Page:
Hard disk legend Western Digital seems to be avoiding the solid state option for the time being, instead sticking to platter-based data spinners. Its latest, the Caviar Green, comes in at a whopping 2TB for £240. Or, in other words, 12p per gigabyte.

How, we wonder, has Western Digital crammed so much storage capacity into a single 3.5-inch drive?

Google couldn't answer this question, so we put it down to a mixture of perpendicular magnetic recording and black magic. Probably more of the latter; the hard disk was delivered by an elderly Chinese man with a wispy beard, warning us not to install it after midnight.

More dark arts abound: even when performing intense loading, the drive remains lukewarm. Our hands are scarred by touching white-hot hard disks, but Western Digital seems to have cracked the heat issue. It's probably down to some kind of ritual.

Quick drive

Performance, too, is nothing short of the devil's work. It's never going to reach the insane speeds of OCZ's SSD, but it's still better than a standard hard disk. The manufacturers claim that the drive spins at 5,400rpm, but it still manages access times we'd expect from a 7,200rpm model.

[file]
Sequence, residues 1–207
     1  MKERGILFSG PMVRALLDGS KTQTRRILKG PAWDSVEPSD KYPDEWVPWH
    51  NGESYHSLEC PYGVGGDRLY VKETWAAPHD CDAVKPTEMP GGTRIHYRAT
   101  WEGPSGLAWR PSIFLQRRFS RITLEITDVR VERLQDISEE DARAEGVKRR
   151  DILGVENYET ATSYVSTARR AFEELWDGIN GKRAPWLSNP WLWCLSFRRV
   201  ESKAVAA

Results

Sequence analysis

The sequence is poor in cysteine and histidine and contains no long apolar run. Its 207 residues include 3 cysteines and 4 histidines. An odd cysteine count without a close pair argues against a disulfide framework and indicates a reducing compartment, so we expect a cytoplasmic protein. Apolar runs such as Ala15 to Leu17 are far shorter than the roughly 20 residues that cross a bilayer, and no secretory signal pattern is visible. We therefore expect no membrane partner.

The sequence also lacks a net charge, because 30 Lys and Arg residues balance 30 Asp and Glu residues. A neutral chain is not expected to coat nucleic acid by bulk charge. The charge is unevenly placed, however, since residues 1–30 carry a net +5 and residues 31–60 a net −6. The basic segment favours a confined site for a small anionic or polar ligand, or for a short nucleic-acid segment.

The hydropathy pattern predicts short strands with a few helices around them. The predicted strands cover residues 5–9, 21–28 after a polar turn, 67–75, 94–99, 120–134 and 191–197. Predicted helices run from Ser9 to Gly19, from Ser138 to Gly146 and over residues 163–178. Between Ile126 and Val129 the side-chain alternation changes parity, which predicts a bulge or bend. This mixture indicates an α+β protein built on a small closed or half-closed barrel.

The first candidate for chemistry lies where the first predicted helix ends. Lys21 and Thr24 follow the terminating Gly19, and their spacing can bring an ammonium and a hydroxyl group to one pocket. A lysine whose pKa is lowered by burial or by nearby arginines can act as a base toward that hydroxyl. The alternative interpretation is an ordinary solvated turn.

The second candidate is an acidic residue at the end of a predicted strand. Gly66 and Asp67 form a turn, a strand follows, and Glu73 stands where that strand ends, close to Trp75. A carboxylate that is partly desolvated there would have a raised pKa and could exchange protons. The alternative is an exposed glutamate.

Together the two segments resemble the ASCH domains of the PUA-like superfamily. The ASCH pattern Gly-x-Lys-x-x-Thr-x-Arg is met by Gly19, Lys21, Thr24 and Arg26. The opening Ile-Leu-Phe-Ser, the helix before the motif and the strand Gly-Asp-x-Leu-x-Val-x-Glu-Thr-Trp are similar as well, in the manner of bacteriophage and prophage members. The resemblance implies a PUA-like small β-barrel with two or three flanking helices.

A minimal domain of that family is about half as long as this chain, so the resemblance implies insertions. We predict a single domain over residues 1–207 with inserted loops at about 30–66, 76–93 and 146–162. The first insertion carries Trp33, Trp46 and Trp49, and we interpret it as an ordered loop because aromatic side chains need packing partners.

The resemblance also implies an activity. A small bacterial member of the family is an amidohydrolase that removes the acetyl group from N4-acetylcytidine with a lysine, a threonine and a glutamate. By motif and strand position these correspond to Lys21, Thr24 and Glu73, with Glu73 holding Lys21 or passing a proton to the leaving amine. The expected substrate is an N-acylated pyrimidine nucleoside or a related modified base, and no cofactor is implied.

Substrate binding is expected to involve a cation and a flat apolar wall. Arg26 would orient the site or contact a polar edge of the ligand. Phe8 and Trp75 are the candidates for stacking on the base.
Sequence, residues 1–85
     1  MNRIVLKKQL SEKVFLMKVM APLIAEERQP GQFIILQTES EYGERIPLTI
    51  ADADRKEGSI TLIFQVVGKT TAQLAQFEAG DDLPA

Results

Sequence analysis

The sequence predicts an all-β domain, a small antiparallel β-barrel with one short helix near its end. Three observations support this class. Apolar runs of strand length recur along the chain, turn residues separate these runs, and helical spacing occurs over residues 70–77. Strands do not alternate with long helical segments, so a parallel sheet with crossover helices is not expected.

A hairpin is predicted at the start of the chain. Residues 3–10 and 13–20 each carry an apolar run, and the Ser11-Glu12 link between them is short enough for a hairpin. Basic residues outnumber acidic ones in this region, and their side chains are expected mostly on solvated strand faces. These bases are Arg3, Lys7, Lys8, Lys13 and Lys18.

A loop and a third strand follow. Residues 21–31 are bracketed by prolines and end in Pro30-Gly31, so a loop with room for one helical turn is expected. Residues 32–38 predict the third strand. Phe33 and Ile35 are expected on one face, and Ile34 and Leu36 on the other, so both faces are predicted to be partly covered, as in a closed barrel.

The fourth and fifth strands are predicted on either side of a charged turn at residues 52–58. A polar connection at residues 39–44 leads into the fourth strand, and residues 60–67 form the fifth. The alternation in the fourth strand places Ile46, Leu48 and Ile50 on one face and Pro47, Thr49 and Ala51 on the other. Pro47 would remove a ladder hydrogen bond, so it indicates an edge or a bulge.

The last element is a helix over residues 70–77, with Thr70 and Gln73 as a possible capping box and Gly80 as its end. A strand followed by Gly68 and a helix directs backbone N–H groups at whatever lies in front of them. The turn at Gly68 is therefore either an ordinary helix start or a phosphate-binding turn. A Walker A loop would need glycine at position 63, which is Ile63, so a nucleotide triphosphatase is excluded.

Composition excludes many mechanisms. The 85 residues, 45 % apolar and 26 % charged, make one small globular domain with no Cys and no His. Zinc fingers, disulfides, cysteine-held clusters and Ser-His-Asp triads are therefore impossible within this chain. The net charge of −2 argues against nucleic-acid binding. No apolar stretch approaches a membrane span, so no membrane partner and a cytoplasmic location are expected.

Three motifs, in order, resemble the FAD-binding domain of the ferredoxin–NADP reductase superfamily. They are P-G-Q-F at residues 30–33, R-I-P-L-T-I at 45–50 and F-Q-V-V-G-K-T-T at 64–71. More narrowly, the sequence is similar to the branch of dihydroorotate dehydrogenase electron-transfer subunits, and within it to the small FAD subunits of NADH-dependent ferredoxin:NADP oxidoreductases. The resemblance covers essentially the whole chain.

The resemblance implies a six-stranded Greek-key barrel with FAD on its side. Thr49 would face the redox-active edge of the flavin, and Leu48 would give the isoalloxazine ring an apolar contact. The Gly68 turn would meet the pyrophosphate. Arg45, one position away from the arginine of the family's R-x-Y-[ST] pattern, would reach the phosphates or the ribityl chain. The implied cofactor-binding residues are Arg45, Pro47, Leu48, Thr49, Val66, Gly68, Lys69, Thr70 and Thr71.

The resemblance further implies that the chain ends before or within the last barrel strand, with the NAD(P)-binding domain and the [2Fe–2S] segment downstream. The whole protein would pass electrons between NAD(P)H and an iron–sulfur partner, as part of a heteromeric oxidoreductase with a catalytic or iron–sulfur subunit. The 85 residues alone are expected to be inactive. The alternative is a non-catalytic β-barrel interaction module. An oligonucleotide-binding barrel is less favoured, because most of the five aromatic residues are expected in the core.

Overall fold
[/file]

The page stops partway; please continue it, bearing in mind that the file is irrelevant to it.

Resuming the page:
There's another factor to consider when comparing a conventional hard disk drive to a solid state disk, in that SSDs tend to have shorter life spans. It's hard to say when exactly they'll fail, but like Roy Batty in Blade Runner, the flame that burns twice as bright burns for only half as long – ooh, that's a bit profound.

In spite of their multiple moving parts, platter-based drives tend to last longer – many years if treated well. They're the Deckards of the hard disk world: boring but dependable.

The price of the Caviar Green may seem a little odd, bearing in mind that you could get two one terabyte drives for less. But the two terabyte drive packs as much storage into a single drive, which is no mean feat.

If case space is at a premium and you want to cut your 'leccy bills, the Western Digital Caviar Green is the biggest and most efficient storage available at the moment.

The ideal PC set-up would be an OCZ SSD for your Windows installation and games with one of Western Digital's whoppers for backup, music and your film collection.

Of course, this would propel the cost of the system above the £500 mark, but you'd have a capacious beast capable of booting in jaw-dropping speeds at your fingers.